Employer Retirement Plan Platform Overload: MEPs, PEPs, and Single Employer Plans

The Setting Every Community Up for Retirement Enhancement Act (SECURE Act) established a new retirement plan platform – Pooled Employer Plans (PEPs) – whereby a group of unrelated employers could participate in a single defined contribution plan as of January 1, 2021. This adds a new retirement plan option for employers to consider among other existing plan options that include the following:

Single Employer Plans

A single employer plan is created and maintained by one company or a number of closely related entities (e.g., subsidiaries). In a single employer plan, the plan sponsor controls the design of the plan and investment options that provide the best benefit to the plan’s participants. The plan sponsor also has free rein in choosing the service providers to administer the plan that are the best fit for the company.

Multiple Employer Plans (MEPs)

MEPs allow unrelated employers that would otherwise be too small to access competitive benefits packages to band together in order to offer various benefits to employees. Employers can group together to achieve the needed economies of scale to negotiate better rates and reduce administrative costs of organizing the plans. Previously, there needed to be some “nexus” between the employers in the group; now they can simply belong to the same industry or work in a similar geographic area.

Professional Employer Organization (PEO) and Association MEPs

In 2019, the DOL issued new regulations allowing Professional Employer Organizations (PEOs) and Associations to sponsor MEPs. To participate in a PEO MEP, a company must be a client of the PEO and the PEO must be providing significant employment roles to the company beyond being a plan sponsor. To participate in an Association MEP, a company must be a member of the association and the association must serve at minimum one substantial business purpose beyond sponsoring the plan. The PEO or Association designs and controls the plan and selects service providers.

Open MEPs

In 2012, a DOL Advisory Opinion stated that an Open MEP is not really a MEP at all. Instead, Open MEPs are groups of separate single-employer plans with nothing more in common than that they share the same service provider(s). If there are more than 100 participants, then each company is required to file its own Form 5500. Since there is only one investment menu for the entire plan, the ability to customize a plan is minimal.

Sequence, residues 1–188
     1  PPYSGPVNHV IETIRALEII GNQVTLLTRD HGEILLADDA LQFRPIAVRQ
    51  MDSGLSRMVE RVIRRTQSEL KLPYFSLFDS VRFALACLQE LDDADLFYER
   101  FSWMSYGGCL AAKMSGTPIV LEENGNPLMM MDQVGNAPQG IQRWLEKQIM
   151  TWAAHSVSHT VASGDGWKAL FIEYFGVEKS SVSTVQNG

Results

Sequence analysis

Pooled Employer Plans (PEPs) 

Pooled Employer Plans (PEPs) must be administered by a Pooled Plan Provider (PPP), which acts as the plan sponsor, handling all fiduciary, administrative, and investment responsibilities. Because of the highly specialized requirements for administering a PEP, the PPP role is more likely to be filled by registered investment advisors (RIAs), third-party administrators (TPAs), record keepers, and other financial services entities. Each employer that participates in a PEP will fill the role of plan administrator to that employer’s plan assets and participants, retaining the responsibility for funding the PEP with employer and employee contributions as well as providing plan participant information to the PPP and other service providers.


An Exchange is a collection of individual companies, each with its own plan, that share the same investment menu to realize economies of scale on investment costs. Each company is responsible for filing its own Form 5500.

Groups of Plans (GOPs)

Beginning January 1, 2022, certain groups of plans will be allowed to file a single Form 5500 as long as they share the same trustee, administrator, investment menu, named fiduciaries (one or more), and plan year beginning date. 

Because the distinctions between these various types of retirement plans and the requirements that apply to them are complicated, employers and plan participants will be best served by consulting with benefits legal counsel for guidance.

HBL has experience in all areas of benefits and employment law, offering a comprehensive solution to all your business benefits and HR/employment needs. We help ensure you are in compliance with the complex requirements of ERISA and the IRS code, as well as those laws that impact you and your employees. Together, we reduce your exposure to potential legal or financial penalties. Learn more by calling 678-439-6236.

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Hall Benefits Law, LLC

HBL offers employers comprehensive legal guidance on benefits in mergers and acquisitions, Employee Stock Ownership Plans (ESOPs), executive compensation, health and welfare benefits, healthcare reform, and retirement plans. We counsel a wide spectrum of clients including small, mid-sized, and large companies, 401(k) investment advisors, health insurance brokers, accountants, attorneys, and HR consultants, just to name a few. HBL is passionate about advising clients, and we are dedicated to our mission: to provide comprehensive, personalized, and practical ERISA and benefits legal solutions that exceed client expectations.
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